Quiet, please

File:Syhem Angel.jpgI am not sure how we got on to murder- but all the ideas came from me.

I went into the library, and got chatting to the librarian. I wanted to ask her what quote she had tattooed on her arm. She rolled up her sleeve to show me, “because I don’t read it every day”. It is about how we are surrounded by angels, who support us, and we should practise awareness of them.

-It’s unprofessional to talk about myself. (Oh, what could the next word possibly be? Nothing other than) But-

The tattoos are the history of her life with her husband, ending with a butterfly, her pupation and leaving him. I congratulated her. He was a little scrote, she says, packing great malice into the word. She has been reading the detective fiction in order to get ideas.

-There was painting poison onto a stamp, so that when she licked it, she would die.
-Oh yes, I saw that. Murder in Paradise. I like that, it’s terribly British, isn’t it: fluffy, unserious, always a happy ending. But stamps are self-sticking.

In The Name of the Rose, a monk was murdered by painting poison on his manuscript. As he turned the pages, licking his finger to stick to the corner, he took it in.

-Now all I have to do is poison all the motorbike magazines in the hopes he will buy one.

File:Syang.jpgYou could steal a car, knock him off his scooter, then burn the car out. She likes this idea.

-There are people I would like to imprison in a disused nuclear bunker with a plentiful supply of bottled water to drink, and lots of sharp knives. I would have painted on the wall, “If you kill someone you will have something to eat”, and I would switch the lights on and off randomly.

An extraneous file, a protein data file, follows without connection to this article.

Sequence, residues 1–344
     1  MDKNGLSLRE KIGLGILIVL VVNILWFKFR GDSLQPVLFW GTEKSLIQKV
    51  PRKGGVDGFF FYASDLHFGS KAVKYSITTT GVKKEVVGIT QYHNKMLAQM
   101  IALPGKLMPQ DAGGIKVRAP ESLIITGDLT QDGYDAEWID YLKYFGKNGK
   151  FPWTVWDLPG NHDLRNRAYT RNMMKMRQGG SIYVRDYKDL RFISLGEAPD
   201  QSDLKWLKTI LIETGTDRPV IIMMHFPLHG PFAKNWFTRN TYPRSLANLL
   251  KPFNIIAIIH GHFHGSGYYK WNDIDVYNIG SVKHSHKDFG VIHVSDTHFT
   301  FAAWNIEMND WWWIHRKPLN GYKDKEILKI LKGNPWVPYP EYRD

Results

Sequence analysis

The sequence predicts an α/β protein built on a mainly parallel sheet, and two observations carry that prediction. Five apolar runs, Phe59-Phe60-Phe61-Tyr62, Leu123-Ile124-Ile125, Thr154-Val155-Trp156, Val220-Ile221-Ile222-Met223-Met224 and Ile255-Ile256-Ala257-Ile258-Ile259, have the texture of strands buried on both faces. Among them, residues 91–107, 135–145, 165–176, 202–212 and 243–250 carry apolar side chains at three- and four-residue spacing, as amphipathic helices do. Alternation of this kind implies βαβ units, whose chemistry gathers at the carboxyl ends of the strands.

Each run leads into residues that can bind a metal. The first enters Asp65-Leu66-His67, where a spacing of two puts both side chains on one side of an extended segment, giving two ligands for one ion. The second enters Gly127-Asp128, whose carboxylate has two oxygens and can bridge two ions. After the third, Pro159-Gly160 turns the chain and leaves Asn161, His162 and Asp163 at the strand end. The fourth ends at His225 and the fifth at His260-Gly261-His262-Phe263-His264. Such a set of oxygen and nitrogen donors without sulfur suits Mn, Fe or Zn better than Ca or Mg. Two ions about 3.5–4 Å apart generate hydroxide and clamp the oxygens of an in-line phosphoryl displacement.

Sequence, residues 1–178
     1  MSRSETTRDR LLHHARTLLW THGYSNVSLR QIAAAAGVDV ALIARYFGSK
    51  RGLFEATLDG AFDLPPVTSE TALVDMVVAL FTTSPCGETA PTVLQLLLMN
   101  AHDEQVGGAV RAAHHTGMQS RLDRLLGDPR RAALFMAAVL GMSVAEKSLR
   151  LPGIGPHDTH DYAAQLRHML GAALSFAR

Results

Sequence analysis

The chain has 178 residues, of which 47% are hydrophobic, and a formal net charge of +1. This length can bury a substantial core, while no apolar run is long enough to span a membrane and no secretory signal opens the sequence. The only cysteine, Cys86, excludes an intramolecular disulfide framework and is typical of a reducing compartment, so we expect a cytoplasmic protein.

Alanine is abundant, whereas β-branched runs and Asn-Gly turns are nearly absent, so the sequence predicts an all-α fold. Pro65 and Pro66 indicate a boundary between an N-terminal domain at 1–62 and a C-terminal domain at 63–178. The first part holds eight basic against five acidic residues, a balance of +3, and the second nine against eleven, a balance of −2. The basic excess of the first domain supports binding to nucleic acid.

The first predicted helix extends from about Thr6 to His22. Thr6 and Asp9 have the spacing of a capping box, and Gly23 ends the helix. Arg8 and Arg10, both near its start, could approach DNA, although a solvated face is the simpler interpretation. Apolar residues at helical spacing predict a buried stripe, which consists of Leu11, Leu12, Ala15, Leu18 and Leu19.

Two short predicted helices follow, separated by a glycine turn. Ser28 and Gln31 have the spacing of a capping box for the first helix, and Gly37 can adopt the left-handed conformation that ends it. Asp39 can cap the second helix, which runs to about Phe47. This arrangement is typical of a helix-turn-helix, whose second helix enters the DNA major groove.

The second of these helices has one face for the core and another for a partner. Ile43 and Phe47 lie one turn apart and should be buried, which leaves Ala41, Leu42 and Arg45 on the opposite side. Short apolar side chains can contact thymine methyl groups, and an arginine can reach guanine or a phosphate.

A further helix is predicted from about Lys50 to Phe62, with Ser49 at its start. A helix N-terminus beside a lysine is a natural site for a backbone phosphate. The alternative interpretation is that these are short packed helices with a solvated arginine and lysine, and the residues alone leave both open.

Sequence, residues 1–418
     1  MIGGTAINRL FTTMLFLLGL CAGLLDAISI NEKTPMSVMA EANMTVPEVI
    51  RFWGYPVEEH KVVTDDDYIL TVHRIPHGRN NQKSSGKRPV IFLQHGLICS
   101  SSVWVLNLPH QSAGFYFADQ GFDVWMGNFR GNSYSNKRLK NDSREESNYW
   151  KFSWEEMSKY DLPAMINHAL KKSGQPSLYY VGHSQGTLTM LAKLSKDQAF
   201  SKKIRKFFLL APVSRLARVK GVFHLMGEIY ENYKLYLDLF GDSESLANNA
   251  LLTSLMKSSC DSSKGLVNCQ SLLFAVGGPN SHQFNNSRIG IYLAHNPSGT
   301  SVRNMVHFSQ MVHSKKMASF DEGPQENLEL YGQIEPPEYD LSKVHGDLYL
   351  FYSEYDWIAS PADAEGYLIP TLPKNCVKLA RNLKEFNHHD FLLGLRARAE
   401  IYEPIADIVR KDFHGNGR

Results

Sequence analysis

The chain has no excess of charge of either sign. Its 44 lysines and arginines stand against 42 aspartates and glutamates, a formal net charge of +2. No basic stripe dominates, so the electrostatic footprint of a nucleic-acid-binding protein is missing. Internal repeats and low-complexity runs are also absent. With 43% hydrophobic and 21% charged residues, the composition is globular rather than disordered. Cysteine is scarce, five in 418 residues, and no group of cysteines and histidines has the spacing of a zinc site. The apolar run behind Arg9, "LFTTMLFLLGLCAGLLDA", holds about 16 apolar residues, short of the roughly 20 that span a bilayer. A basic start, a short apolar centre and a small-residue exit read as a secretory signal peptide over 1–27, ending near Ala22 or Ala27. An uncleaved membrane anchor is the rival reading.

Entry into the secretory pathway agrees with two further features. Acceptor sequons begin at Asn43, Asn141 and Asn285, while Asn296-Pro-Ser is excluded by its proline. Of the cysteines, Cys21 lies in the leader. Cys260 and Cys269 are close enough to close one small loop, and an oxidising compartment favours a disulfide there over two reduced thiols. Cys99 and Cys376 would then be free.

-You’ve thought a lot about this, haven’t you?

-Well, it doesn’t take much to think that up. How do you feel when you kill a spider? You probably couldn’t do it.

-I don’t mind spiders, they don’t do me any harm. They kill flies. I hate flies, I kill them.

Her brother got the huge row for getting a tattoo, so when she got her first her mother was almost reconciled to the idea. They are all over her now. Her mother was a biker-chick, though: she has seen the photos of her mother in leathers. She remembers her grandmother, with a blue rinse, telling her off for dying her hair that colour, and she thought, oh, you can talk. Her sons are learning to drink, but are far less trouble than she was.

In other news: I had a serious WTF moment reading this blogger. He says Christianss are not obsessed with gays, and is bewildered by questions about homosexuality when he has been talking of “the state of marriage”. It is society that is obsessed: Activists want to change the definition of marriage, and they want to require Christian photographers and florists to service homosexual weddings. He presumably thinks that of all Worldly, Atheistical people, gays are the unique evildoers whom Christians should refuse to serve. Go, if you like writers who miss the point, and savour his befuddled, injured innocence.